The second is that "unrequited" is the kind of word you use for a love story where one party simply doesn't return the other's feelings. The knight who knows his princess can never return his feelings, his love is unrequited; the girl whose feelings for her childhood best friend have blossomed into something more while he doesn't think anything's changed, her love is unrequited.
Lockon and Tieria aren't those people. It's not just that this relationship won't work for them--it's that no relationship would. Theirs isn't a tragically one-sided romance, but rather a tragically dysfunctional pseudo-romantic...thing.
Instead of the word "unrequited," I prefer to say that the relationship was "asymmetrical." Lockon and Tieria both have feelings for each other, although Tieria's are far more overwhelming and much, much closer to what most people would think of as "love." Neither's feelings are traditionally romantic (except perhaps Tieria's by the end of the series), but both can be seen through that lens. The relationship isn't one-sided--it just has two sides that are very, very different.
You know that stray cat who hissed and spat at all humans, until one of them finally took the time to sit down with him and show him some affection? The one that then attached himself to that human and never let go? Probably not, but you might have heard a story like it.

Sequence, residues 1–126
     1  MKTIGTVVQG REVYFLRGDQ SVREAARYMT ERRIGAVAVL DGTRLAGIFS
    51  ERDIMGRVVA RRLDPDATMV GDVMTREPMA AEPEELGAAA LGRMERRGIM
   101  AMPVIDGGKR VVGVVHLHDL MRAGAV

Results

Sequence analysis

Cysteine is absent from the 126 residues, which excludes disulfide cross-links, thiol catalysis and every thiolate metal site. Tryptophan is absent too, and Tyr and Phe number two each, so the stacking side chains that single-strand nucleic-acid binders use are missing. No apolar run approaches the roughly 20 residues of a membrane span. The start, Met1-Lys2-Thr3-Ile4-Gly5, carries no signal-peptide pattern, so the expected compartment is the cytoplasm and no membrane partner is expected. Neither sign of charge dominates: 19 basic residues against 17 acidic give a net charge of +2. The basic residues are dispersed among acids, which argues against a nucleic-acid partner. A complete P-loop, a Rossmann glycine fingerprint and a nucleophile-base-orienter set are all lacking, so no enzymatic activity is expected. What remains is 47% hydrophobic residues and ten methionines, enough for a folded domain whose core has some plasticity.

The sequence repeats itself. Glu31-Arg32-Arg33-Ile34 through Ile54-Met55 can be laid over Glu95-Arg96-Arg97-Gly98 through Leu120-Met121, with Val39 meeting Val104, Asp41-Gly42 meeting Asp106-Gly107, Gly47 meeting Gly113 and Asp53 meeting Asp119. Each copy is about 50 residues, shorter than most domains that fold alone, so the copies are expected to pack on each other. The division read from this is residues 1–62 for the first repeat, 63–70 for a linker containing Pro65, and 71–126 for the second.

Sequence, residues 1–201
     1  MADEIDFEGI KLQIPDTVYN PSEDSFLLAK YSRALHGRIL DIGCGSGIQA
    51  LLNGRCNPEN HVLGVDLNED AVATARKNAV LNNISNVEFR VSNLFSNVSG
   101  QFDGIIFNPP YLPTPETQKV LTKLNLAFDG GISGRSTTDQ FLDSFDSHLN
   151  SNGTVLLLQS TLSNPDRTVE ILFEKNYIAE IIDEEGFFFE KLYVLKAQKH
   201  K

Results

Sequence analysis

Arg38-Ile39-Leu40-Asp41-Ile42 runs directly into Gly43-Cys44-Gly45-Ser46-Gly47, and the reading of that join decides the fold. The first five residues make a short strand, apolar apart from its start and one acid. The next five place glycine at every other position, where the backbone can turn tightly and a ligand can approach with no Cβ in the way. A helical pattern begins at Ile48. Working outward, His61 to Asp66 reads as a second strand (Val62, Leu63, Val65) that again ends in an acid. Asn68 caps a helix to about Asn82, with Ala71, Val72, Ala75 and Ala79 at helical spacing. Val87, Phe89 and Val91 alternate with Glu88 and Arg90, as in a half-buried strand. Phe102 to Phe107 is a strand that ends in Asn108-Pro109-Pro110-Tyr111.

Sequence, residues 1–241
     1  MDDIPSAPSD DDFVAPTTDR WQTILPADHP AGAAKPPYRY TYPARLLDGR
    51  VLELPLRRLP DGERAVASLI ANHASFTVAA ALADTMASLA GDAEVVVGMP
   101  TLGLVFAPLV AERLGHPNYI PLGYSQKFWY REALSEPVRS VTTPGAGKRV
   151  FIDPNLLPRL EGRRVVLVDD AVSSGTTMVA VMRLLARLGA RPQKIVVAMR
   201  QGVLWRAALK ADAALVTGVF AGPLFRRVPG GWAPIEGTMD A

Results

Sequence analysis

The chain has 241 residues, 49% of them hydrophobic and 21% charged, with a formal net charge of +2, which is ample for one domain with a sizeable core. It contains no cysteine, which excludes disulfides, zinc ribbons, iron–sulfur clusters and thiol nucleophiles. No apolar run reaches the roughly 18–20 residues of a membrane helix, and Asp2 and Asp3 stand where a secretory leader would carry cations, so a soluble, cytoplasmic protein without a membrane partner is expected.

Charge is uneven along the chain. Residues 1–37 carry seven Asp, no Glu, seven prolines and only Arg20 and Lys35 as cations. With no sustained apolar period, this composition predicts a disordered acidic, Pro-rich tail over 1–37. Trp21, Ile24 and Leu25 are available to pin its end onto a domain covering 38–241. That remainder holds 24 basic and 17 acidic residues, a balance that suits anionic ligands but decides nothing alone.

In the beginning of the series, Tieria's attitude toward Lockon is dismissive and contemptuous. He is tolerated for his competence in missions, but no more than that. His values are alien to Tieria, his attitude frivolous. It's implied, in scenes such as that first confrontation on the island, that Tieria fails to see why other people, such as Setsuna, respond so well to Lockon. The result is that he'll call Lockon out when no one else would presume to--just as Lockon will call him out when no one else would dare to. It's a cold connection from Tieria's side, and hardly much to celebrate.
When Tieria softens, things change. First, Lockon is the one who reaches out to him when he's just beginning to wonder if being human has some value after all. That alone is enough for some hesitant thawing of his icy exterior, but it's nothing compared to what happens when Veda fails him and Lockon steps in to save him in its absence. What Veda was to Tieria before--all-important purpose and guide--Lockon becomes now. But where Veda was a cold and distant god, Lockon is right there and very warm.